Did you see Bernie Sander’s speech the other night, when he came out in opposition to the systematic slaughter of farm animals in America? Did you hear the passion with which — in his thick, Brooklyn accent — he denounced the horrors of vivisection, the abuse of zoos and circuses, and the abomination of hunting? Did you notice how Hillary Clinton, not wanting Sanders to outflank her, adopted a similar stance, and even the Republican front runners were forced to discuss the issue in their most recent debate? No, you didn’t and neither did I. Because, as animalists, we’ve failed non-humans this election.
Of course, in the near future, it isn’t remotely likely leading presidential candidates taking an abolitionist position on animal exploitation. But we can’t even get welfarism, for which I imagine there is a wide base of support, on the agenda. In early October, I attended a packed Sanders speech in Springfield, Mass.; so far as I could tell, there was not a single mention of torturous treatment to which we subject intensively-farmed animals, let alone any other non-human group. This is what we get from the left-most candidate with any national traction: nothing. And to a certain degree, this is our fault.
To be fair, the animalist group Direct Action Everywhere has attempted to force the plight of non-humans into the presidential campaign. In late October a courageous DxE activist, Matt Johnson, stormed the stage at a Clinton rally in Iowa, carrying an animalist banner, before being removed by police. So far as I can tell, all that resulted from this was a few bemused quips from Bill Clinton, but we need far more actions like this. The example we should be following, in this primary, is that of Black Lives Matter activists, who after repeatedly heckling candidates, got those, at least on the Democratic side, to more specifically address criminal-justice reform.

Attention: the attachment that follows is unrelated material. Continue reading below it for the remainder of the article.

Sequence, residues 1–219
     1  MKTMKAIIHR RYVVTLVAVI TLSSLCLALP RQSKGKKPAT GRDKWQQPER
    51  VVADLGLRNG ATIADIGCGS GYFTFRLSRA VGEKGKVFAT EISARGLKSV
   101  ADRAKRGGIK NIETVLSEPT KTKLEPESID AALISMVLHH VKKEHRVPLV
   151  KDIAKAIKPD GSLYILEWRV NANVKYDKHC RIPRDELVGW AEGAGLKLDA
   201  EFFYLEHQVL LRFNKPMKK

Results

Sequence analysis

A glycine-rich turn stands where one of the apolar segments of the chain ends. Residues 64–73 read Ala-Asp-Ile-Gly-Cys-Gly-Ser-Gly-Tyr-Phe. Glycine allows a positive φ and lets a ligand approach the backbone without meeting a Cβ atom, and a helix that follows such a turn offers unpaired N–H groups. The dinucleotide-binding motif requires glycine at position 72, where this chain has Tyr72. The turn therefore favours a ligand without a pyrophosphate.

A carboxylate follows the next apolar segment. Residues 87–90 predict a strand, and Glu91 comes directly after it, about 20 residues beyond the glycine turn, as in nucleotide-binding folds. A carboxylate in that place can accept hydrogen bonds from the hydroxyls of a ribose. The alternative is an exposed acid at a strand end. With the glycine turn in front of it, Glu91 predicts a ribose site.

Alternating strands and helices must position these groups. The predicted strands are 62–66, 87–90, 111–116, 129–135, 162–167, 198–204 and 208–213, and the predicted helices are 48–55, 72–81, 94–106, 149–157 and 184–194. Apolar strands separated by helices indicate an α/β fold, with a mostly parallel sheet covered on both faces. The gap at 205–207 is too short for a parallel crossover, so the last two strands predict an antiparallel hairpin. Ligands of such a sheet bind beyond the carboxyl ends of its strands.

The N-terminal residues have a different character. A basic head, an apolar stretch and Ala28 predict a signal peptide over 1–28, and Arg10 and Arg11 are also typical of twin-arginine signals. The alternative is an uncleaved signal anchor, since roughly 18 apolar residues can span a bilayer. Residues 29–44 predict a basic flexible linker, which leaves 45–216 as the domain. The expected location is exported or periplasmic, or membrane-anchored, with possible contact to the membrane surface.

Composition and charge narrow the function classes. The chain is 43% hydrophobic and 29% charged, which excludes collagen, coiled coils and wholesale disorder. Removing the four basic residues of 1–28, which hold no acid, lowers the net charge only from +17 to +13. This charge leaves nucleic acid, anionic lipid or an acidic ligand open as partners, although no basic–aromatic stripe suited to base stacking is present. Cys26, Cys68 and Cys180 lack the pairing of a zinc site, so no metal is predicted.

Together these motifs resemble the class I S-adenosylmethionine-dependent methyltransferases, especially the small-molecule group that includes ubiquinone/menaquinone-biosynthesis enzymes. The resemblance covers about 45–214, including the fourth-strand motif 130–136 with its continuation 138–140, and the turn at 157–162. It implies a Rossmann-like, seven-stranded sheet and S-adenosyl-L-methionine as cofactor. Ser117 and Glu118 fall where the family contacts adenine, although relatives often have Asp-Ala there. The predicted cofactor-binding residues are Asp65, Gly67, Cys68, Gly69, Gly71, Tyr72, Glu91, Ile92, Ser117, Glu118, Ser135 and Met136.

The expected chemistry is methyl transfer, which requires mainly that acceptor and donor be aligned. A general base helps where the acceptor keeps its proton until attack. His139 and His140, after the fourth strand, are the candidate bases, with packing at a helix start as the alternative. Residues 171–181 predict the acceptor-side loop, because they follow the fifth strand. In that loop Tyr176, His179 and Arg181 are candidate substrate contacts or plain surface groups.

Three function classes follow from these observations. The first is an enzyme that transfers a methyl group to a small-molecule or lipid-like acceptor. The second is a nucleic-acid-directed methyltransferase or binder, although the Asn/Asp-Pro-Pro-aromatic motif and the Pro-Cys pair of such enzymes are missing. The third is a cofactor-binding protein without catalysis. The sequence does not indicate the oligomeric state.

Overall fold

I’ll admit I found the Black Lives Matter interruption of a Sanders event in Seattle annoying. The video of two young women shouting at an elderly candidate — who, as a socialist, I was predisposed to like — inches away from his face, didn’t sit well with me. Further, It seemed disingenuous when one of these women accused the crowd of racism for booing their hijacking of the event. But in retrospect, it’s clear these activists advanced their cause. Sanders made criminal-justice reform a regular and central part of his stump speech.
We need to, so much as it’s possible, do the same for animalism. We need to haunt the candidates. We need to be there with signs and megaphones at every campaign event. We need to shout them down until they address the overwhelming violence our country inflicts on its non-human brethren. We need to be unafraid of being obnoxious, a fear of which, I’ll be the first to admit, I have a hard time overcoming outside of print. So far this election cycle, we’ve failed animals. Let’s not allow it to continue.